Thinking small, being engaging, and having a sense of humor don't hurt. Those are a few of the traits of successful science crowdfunding efforts that emerge from a recent study that examined nearly 400 campaigns. But having a large network and some promotional skills may be more crucial.
Crowdfunding, raising money for a project through online appeals, has taken off in recent years for everything from making movies to producing water-saving gadgets. Scientists have tried to tap Internet donors, too, with mixed success. Some raised more than twice their goals, but others have fallen short of reaching even modest targets.
To determine what separates science crowdfunding triumphs from failures, a team led by science communications scholar Mike Sch?fer of the University of Zurich examined the content of the webpages for 371 recent campaigns.
Four traits stood out for those that achieved their goals, the researchers report in Public Understanding of Science. For one, they use a crowdfunding platform that specializes in raising money for science, and not just any kind of project. Although sites like Kickstarter take all comers, platforms such as Experiment.com and Petridish.org only present scientific projects. For another, they present the project with a funny video because good visuals and a sense of humor improved success. Most of them engage with potential donors, since projects that answered questions from interested donors fared better. And they target a small amount of money. The projects included in the study raised $4,000 on average, with 30% receiving less than $1,000. The more money a project sought, the lower the chance it reached its goal, the researchers found.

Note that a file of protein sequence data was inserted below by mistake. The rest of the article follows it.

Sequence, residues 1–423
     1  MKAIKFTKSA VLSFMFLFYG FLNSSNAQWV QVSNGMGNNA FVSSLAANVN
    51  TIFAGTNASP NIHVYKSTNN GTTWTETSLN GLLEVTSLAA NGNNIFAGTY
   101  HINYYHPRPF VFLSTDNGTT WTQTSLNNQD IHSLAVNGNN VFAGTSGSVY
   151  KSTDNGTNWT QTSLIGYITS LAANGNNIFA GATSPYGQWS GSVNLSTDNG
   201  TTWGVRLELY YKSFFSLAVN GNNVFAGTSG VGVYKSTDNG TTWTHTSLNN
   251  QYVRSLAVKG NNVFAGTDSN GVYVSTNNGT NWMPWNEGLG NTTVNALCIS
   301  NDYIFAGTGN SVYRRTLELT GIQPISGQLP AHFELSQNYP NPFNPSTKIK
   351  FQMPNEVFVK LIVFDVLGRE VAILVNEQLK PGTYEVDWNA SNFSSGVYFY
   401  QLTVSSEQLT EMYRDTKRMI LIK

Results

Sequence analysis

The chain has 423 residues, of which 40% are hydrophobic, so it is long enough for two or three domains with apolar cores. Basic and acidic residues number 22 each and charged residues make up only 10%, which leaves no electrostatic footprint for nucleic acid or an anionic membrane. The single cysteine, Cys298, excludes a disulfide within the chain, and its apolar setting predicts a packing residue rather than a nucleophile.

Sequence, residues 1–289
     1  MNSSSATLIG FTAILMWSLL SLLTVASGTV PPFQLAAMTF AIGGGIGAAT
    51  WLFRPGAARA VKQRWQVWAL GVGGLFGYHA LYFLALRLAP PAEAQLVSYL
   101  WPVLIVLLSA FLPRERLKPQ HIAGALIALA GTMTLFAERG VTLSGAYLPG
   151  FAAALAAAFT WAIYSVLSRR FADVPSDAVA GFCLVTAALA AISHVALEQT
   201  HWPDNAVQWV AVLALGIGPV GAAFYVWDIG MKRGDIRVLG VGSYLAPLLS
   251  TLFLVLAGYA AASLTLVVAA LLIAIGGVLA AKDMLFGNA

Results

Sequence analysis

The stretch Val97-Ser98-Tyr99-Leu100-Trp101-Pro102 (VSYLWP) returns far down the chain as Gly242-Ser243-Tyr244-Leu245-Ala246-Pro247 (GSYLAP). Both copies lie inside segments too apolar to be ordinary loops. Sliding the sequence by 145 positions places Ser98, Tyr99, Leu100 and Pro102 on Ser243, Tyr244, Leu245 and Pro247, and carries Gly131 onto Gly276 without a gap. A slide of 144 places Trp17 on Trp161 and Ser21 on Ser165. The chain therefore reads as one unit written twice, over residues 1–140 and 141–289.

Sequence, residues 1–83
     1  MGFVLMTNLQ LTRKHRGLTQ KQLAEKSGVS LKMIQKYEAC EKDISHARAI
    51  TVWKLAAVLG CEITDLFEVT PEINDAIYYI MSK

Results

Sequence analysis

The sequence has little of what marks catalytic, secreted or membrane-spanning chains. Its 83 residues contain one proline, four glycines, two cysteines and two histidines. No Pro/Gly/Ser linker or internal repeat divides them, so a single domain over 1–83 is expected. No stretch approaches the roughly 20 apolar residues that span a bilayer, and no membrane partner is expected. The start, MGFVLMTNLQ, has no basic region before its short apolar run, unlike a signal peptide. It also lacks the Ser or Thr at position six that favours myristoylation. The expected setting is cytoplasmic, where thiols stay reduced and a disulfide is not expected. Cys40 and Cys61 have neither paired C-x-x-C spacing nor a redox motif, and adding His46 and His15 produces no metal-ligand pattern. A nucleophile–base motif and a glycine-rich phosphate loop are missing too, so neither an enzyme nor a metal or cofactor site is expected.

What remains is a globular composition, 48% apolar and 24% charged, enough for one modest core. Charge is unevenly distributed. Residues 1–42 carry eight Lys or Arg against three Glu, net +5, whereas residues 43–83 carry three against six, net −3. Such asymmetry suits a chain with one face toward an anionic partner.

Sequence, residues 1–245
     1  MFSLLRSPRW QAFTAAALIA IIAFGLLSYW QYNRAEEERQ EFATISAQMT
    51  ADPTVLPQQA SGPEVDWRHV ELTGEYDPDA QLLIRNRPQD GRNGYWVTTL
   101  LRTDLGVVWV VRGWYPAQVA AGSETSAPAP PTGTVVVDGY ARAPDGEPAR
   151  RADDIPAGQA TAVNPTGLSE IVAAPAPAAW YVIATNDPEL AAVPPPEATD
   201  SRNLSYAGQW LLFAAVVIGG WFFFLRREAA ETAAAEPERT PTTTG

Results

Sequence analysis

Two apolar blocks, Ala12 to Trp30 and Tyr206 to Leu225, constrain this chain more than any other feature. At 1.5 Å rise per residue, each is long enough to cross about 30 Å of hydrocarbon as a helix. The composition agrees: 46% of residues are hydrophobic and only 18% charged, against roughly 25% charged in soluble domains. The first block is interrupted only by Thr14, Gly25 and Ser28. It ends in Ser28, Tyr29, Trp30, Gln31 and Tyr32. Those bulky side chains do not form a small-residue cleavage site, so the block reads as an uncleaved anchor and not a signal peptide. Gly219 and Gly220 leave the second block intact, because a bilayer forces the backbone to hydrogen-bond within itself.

Other factors may also significantly influence a project's success, most notably, the size of a scientist's personal and professional networks, and how much a researcher promotes a project on their own. Those two factors are by far more critical than the content on the page. Crowdfunding can be part of researchers' efforts to reach the public, and people give because "they feel a connection to the person" who is doing the fundraising—not necessarily to the science.
51. What do we learn about the scientists trying to raise money online for their projects?
A) They did not raise much due to modest targets.
B) They made use of mixed fundraising strategies.
C) Not all of them achieved their anticipated goals.
D) Most of them put movies online for the purpose.
52. What is the purpose of Mike Schafer' s research of recent crowdfunding campaigns?
A) To create atractive content for science websites.
B) To identify reasons for their different outcomes.
C) To help scientists to launch innovative projects.
D) To separate science projects from general ones.
53. What trait contributes to the success of a crowdfiunding campaign?
A) The potential benefit to future generations.
B) Its interaction with prospective donors.
C) Its originality in addressing financial issues.
D) The value of the proposed project.
54. What did the researchers think of the financial targets of crowdfunding projects?
A) They should be small to be sucessful.
B) They should be based on actual needs.
C) They should be assed with great care.
D) They should be ambitious to gain notice.
55. What motivates people to donate in a crowdfunding campaign?
A) The ease of access to the content of the webpage.
B) Their desire to contribute to the cause of science.
C) The significance and influence of the project itself.
D) Their feeling of connection to the scientists themselves.